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The journal article “Progress in the development of new drugs in Alzheimer’s disease” was written by Pial A., Nourhashémi, F., Hein1, C., Caillaud, C. and Vellas B. These authors were specialists in the medical some coming from the department of internal medicine while others have worked in university hospitals. In this journal article, Piau et al. (2011, p.45) describe the current state of research targeted on Alzheimer - a disease estimated to have affected about “26.55 million” people. The article provides significant information concerning reasons of the genesis of the Alzheimer’s disease with many of them being hypotheses that are still under study. In addition, the paper explores the current intervention techniques that medical experts use to modify the disease as one the intervention that has been well received by the medical fraternity. While the document presents the current shortcoming in research and intervention, it does provide room for more research and hope that invention techniques are to become more refined not to mention informing that many intervention techniques are still under study.
The article reveals that Alzheimer’s disease is a health complication that affects mainly adults and has the ability to cause progressive memory loss in its victims (Piau et al. 2011). In the article, the authors identify that the Alzheimer’s disease is linked to the presence of cognitive sphere deficits that affect occupation and social functioning of people, especially those elderly. The human brain is the primary organ that promotes proper cognitive experiences and functioning. With the loss of basic functioning such as memory, it is clear that the Alzheimer’s disease affects the cognitive functions of its victims. The article attempts to explain how the disease occurs, Piau et al. use several hypotheses that experts have devised so far as an attempt to explain the disease. First, the article highlights that cholinergic hypothesis of Alzheimer posits that the Alzheimer’s disease affects the cholinergic neurons located in the forehead leading to the loss of memory. The loss of the cholinergic seems to trigger the loss of memory. In addition, Piau et al. argued that excess amount of glutamate can cause loss of cognitive functioning if it is located on the cerebral cortex. In the article, the above explanations are marked as controversial and limited in their attempt to define the Alzheimer’s disease and its impact on cognitive functions. For this reason, Piau et al. (2011) indicated that the presence of two proteins aggregates—“Abeta-peptide and intracellular neurofibrillary tangles (NFTs)” mark the existence of Alzheimer’s disease. More conclusively, the authors argue that the aggregation of Abeta-42 and accumulation of this toxic substance is the primary cause of the Alzheimer’s disease. The connection between the protein aggregates and the Alzheimer’s disease has given researchers a new insight into the ways of modifying the disease.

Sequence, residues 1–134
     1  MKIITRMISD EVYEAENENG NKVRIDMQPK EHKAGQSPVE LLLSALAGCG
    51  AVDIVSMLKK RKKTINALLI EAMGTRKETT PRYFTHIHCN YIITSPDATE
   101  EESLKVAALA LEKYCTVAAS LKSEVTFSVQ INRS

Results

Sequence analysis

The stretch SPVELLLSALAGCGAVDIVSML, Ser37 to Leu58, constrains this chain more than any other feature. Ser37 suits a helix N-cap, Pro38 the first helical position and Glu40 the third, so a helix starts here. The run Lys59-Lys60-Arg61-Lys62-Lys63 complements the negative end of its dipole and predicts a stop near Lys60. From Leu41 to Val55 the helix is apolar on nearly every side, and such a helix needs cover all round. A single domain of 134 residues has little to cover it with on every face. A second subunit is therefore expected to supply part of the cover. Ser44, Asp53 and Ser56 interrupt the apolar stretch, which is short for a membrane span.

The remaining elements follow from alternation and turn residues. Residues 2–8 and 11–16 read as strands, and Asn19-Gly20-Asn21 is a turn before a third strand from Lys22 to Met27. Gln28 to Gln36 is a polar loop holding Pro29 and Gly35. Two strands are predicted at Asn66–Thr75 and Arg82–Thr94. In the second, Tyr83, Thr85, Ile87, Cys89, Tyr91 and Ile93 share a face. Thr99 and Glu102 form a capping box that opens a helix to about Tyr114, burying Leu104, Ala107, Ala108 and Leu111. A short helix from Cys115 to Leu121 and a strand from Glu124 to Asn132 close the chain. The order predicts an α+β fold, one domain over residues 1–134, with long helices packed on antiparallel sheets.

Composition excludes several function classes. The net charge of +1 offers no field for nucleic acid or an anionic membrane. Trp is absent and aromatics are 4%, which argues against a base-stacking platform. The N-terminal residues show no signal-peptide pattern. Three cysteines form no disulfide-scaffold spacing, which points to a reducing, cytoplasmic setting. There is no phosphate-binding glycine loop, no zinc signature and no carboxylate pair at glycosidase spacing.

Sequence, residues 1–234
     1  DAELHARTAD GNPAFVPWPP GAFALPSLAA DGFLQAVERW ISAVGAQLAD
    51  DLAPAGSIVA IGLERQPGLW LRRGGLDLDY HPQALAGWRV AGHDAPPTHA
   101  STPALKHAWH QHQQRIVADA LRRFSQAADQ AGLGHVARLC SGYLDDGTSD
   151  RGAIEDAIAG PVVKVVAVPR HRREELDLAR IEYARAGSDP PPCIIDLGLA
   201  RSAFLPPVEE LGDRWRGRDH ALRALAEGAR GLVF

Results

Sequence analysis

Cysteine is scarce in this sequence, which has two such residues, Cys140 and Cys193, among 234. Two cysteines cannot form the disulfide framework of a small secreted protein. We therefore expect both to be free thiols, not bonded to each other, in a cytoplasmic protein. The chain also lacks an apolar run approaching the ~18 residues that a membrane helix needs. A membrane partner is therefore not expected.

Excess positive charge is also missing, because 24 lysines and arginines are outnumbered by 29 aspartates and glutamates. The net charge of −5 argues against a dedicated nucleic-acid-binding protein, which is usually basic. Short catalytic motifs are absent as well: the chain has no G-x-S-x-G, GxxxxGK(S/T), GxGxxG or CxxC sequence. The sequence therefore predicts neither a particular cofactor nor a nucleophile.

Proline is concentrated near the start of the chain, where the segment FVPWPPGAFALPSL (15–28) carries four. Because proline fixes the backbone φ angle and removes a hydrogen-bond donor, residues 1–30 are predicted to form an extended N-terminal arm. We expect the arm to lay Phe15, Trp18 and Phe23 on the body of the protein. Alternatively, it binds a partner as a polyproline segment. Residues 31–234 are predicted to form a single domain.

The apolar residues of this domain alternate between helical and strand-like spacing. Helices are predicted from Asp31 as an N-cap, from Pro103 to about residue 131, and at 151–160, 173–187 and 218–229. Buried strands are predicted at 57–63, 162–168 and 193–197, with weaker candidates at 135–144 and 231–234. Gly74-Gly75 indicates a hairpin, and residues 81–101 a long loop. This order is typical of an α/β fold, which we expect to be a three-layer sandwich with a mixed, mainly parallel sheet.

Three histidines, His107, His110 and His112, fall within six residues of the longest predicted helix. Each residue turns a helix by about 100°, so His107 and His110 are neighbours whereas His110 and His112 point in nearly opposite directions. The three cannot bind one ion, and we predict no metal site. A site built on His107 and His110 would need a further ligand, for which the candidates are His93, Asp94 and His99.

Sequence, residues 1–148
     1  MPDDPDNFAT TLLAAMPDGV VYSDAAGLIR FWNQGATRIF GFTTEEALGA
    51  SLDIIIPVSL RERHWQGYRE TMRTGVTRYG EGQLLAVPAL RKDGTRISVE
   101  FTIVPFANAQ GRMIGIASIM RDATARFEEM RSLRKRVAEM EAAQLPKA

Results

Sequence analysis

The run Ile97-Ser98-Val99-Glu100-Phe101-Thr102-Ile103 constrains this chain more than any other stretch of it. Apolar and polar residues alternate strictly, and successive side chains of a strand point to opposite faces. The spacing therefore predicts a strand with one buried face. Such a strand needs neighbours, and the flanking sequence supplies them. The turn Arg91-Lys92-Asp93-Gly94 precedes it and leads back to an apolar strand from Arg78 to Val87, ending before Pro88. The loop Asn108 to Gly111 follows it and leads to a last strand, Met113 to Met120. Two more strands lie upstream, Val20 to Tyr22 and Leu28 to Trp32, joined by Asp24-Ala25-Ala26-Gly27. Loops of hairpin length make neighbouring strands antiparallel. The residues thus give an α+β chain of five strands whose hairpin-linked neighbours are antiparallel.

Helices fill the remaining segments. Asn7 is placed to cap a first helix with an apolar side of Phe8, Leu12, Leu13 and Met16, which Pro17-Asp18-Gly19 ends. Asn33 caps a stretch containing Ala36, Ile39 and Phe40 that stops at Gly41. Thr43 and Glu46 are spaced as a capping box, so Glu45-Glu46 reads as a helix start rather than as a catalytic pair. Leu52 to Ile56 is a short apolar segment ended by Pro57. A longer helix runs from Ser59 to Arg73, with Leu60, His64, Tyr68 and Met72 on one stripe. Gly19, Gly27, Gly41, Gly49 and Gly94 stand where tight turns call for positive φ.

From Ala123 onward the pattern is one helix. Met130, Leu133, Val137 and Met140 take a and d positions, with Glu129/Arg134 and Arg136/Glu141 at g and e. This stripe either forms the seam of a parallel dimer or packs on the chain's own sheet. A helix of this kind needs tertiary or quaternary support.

That article mentions many modern interventions aimed at reducing the impact of Alzheimer and improving cognition among patients suffering from this disease. The first intervention is the use of antiamyloids agents through immunization, which can slow down the rate at which deposition of amyloid occurs. Secretases modulation also promotes cleavage, which has been found to modify the disease. Another strategy is the use of tau-related therapies, which helps in providing therapeutic invention that reduces and restores the phosphatase activity in the brain. Under this technique, the use of substances such as methylthionium chloride provides researchers with a technique to prevent the aggregation of tau in the brain into tangles. The article also describes the use of neuroprotective agents such as alpha-lipoic acid that help reduce the amount of oxidative stress. Along with revealing other treatments, the article identifies such treatment as being under clinical trials and waiting testing.
This is an interesting article that provides a lot of information on the Alzheimer’s disease, and the current intervention devised to reduce its impact on cognitive functions. This article interests me because I deal with elderly patients many of whom are suffering from the Alzheimer’s disease. Through this article, I am more likely to understand what interventions are reported to be effective for treating patients. Moreover, this article provides an appreciation of the research efforts to develop effective intervention that will make elderly persons once again enjoy health and wellness. Given that many of the interventions are still under trial, there is more hope that research will help reduce the impact of this disease on mankind.